Ever since the election results indicated that President Trump might fail to win reelection, he has tried to craft an alternative narrative of a stolen election accompanied by major fraud by Democrats. For months, Trump has been laying the groundwork for this strategy. According to our database of Trump’s false or misleading claims, starting in April the president has uttered more than 150 claims concerning fraudulent ballots or the alleged dangers of mail-in voting.
Here’s a roughly chronological guide to his efforts to spin the election result, which, after a 2:30 a.m. news conference Wednesday, has unfolded mostly on Twitter. Many of Trump’s tweets have been covered by Twitter with a warning that they contain inaccurate information about the electoral process. Since Trump’s tweets are often duplicative, we’ve grouped some similar ones together.
“I will be making a statement tonight. A big WIN!”
— tweet, Nov. 4, 12:45 a.m.
As Biden started speaking shortly after midnight on Wednesday to proclaim “we believe we're on track to win this election,” Trump issued his first post-election tweet, claiming outright victory.
The claim was false and premature, as vote-counting was in the early stages. News organizations had called Florida for Trump and Fox News had called Arizona for Biden, but the other battleground states were unresolved, and the president was far from the 270-vote threshold in the electoral college required to win the presidency.
“We are up BIG, but they are trying to STEAL the Election. We will never let them do it. Votes cannot be cast after the Polls are closed!”
— tweet (marked by Twitter as misleading), 12:49 a.m., Nov. 4
This tweet, immediately flagged by Twitter, falsely claimed that Trump was up “big” (he had never led in the electoral college count as various news organizations called states) and, without evidence, accused Democrats of trying to steal the election. States do not allow votes to be cast after polls have closed, but some states permit the receipt of ballots as long as they are postmarked by Election Day.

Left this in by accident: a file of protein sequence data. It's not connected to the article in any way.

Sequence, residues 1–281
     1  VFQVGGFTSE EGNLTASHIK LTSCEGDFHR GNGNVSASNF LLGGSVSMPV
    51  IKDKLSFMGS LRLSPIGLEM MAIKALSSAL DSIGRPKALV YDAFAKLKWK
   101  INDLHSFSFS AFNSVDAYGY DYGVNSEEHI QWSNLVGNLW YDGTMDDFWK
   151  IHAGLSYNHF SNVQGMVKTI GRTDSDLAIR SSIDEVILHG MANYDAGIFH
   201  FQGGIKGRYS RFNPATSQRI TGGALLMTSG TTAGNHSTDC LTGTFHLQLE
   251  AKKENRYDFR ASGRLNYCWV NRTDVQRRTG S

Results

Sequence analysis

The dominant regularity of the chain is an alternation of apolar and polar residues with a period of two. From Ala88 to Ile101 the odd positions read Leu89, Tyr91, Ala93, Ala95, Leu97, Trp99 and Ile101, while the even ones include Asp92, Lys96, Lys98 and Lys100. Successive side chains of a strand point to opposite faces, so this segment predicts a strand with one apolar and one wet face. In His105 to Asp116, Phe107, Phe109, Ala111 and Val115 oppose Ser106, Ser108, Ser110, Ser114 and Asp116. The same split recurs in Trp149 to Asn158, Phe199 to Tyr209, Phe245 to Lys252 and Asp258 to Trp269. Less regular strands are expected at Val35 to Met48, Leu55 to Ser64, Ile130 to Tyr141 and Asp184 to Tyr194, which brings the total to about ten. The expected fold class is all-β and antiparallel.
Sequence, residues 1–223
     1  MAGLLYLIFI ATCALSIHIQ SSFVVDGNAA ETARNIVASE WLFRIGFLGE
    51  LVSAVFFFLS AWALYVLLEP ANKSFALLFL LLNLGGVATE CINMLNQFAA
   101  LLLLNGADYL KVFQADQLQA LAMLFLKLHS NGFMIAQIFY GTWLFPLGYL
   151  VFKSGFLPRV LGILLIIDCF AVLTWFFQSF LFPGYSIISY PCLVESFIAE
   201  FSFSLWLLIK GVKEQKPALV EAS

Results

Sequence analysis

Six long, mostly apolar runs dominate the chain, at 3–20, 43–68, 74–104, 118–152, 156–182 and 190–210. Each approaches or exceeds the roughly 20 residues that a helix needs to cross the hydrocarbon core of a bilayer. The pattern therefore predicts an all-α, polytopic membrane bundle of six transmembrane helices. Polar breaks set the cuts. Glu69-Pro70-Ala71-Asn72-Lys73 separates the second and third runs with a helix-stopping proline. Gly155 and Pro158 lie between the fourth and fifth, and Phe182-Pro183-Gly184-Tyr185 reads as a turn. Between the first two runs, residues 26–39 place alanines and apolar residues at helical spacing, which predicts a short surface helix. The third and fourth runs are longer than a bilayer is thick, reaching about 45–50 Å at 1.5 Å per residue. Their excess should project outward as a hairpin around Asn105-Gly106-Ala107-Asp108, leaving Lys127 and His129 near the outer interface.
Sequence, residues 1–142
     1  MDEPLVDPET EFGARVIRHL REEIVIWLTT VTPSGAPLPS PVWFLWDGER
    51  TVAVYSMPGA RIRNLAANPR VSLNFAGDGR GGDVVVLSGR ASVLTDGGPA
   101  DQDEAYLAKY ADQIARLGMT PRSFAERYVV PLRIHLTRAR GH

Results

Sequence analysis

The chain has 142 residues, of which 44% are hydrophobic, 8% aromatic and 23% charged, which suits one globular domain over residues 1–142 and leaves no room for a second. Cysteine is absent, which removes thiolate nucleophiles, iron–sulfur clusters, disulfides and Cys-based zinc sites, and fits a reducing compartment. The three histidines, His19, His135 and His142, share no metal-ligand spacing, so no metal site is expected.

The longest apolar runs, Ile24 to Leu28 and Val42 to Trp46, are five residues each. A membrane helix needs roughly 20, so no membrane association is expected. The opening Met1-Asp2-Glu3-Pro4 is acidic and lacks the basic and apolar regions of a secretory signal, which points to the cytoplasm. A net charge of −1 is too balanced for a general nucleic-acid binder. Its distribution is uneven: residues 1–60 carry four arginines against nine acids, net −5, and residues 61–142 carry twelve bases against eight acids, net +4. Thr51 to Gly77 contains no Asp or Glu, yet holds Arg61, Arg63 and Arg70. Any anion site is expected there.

“Millions and millions of people voted for us tonight, and, uh, a very sad group of people is trying to disenfranchise that group of people, and we won’t stand for it.”
— news conference, Nov. 4, 2:30 a.m.
Many more millions voted for Biden. As of Thursday, Biden had earned more than 4 million more votes than Trump — 72.1 million votes to 68.3 million — though the overall popular vote does not determine the presidential election.
“It’s also clear that we have won Georgia. We’re up by 2.5 percent or 117,000 votes with only 7 percent left. They’re never gonna catch us. They can’t catch us.”
— news conference, Nov. 4
Trump may have prematurely declared victory in Georgia. As of Thursday night, the margin had shrunk to about 1,900 votes, out of about 4.9 million counted, with under 10,000 to be counted in mostly Democratic-leaning areas.
“Most importantly, we’re winning Pennsylvania by a tremendous amount of votes. … With 64 percent of the vote in, it’s gonna be almost impossible to catch, and we’re coming into good Pennsylvania areas where they happen to like your president. … So, we’ll probably expand that.”
— news conference, Nov. 4
Actually, most of the votes to be counted were in Democratic strongholds. Unlike many other states, mail and absentee ballots could not be counted before Election Day in Pennsylvania because the GOP-controlled legislature refused to authorize it. As of Thursday night, Trump’s margin had shrunk to 41,000 votes, with about 300,000 left to count. Democrats maintain Biden will win a healthy victory here.
“We’re winning Michigan.”
— news conference, Nov. 4
Trump lost Michigan by a substantial margin — about 150,000 votes, or 2.8 percentage points.
“We’re winning Wisconsin.”
— news conference, Nov. 4
Trump lost Wisconsin by about 20,000 votes. With the margin under 1 percentage point, Trump has said he will seek a recount (which his campaign will have to pay for). Wisconsin recounts generally do not change that many votes.
“We won states, and all of a sudden, I said, ‘What happened to the election? It’s off.’ And we have all these announcers saying, ‘What happened?’ And then they said, ‘Oh —' Because you know what happened? They knew they couldn’t win, so they said, ‘Let’s go to court.’ And did I predict this, Newt? Did I say this? I’ve been saying this from the day I heard they were going to send out tens of millions of ballots. I said exactly. Because either they were gonna win, or if they didn’t win, they’ll take us to court.”
— news conference, Nov. 4